"It's not as bad as we had thought. Mostly it's been residential losses," Michael Tiagwad, boss at commercial insurance agency Conner Strong & Buckalew in Marlton, told me. "We were prepared for much wider-spread power outages. This area was fortunate, and people at the Shore took steps to protect their property." By contrast, for example, "Connecticut got creamed."
Insured losses from storm Irene could total $2.6 billion, Kinetic Analysis Corp. of suburban Washington told Bloomberg here, with another $4 billion plus in uninsured damages. Earlier estimates had been higher, but Irene's lower-than-expected winds limited property damage in East Coast cities.
"We are now upping our estimate of fourth-quarter GDP in the U.S. economy," writes David Kotok, boss at Vineland- and Sarasota-based Cumberland Advisors. "Billions will be spent on rebuilding and recovery," juiced by "a flow of federal financial assistance," which "will put some people back to work, at least temporarily."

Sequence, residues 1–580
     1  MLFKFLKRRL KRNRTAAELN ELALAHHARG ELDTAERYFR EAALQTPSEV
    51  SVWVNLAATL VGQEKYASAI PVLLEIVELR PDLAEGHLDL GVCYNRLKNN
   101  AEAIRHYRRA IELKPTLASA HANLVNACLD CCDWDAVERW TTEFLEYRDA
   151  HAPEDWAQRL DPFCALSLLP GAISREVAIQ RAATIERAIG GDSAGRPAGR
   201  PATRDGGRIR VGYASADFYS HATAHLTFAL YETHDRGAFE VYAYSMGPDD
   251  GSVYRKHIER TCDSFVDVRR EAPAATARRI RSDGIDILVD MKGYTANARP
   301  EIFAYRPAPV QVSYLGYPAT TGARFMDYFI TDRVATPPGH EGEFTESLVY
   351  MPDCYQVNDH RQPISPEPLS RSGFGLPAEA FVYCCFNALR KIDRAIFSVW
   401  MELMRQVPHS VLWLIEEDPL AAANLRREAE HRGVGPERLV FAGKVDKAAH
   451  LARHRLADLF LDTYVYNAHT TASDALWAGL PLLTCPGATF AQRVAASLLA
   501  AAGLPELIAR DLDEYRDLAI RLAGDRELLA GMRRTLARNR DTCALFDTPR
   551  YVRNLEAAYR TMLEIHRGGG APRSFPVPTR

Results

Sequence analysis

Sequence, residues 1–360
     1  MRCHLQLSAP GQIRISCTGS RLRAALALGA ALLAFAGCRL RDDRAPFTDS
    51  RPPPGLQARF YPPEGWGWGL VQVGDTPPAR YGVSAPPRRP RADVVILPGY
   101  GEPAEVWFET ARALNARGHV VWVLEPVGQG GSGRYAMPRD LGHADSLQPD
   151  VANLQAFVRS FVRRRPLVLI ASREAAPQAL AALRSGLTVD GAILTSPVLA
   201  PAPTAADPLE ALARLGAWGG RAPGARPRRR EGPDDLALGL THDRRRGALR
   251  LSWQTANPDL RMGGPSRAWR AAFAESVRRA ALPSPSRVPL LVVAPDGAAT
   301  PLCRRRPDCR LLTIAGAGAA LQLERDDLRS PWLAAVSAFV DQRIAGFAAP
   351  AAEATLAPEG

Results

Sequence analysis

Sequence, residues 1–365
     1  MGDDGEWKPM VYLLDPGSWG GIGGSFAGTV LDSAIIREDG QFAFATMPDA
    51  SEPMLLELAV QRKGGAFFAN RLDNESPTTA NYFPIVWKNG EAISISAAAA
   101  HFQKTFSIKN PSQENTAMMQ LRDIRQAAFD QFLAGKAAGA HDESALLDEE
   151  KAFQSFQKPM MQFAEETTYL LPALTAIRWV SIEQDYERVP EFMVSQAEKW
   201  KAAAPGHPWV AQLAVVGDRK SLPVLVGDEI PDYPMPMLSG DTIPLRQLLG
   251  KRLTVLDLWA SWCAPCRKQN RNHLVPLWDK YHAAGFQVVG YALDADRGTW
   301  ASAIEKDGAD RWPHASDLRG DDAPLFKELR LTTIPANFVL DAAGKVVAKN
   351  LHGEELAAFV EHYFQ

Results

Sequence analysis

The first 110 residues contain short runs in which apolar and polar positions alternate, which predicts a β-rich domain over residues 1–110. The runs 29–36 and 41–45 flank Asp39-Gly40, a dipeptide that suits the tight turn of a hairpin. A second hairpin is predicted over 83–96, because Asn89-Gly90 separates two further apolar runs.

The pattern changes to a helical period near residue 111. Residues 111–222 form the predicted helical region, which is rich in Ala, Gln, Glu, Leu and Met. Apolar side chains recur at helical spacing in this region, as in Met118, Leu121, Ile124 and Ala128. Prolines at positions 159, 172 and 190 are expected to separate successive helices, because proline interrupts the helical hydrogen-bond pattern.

Paul Newsome, insurance analyst at Sandler O'Neill + Partners in New York, this morning urged clients to buy Allstate, one of the biggest property-casualty insurers, on the theory that Irene and other recent storms have made it easier to get permission from states to raise insurance rates after years of flat or declining prices.
"Insurers are hyping Hurricane Irene for higher rates with even more vigor than the Weather Channel hyped it for higher ratings," complained J. Robert Hunter, Director of Insurance for the Consumer Federation of America. Annual hurricane losses are "already priced in" to today's premiums, added Joanne Doroshow, head of the Center for Justice and Democracy, an allied consumer advocacy group.
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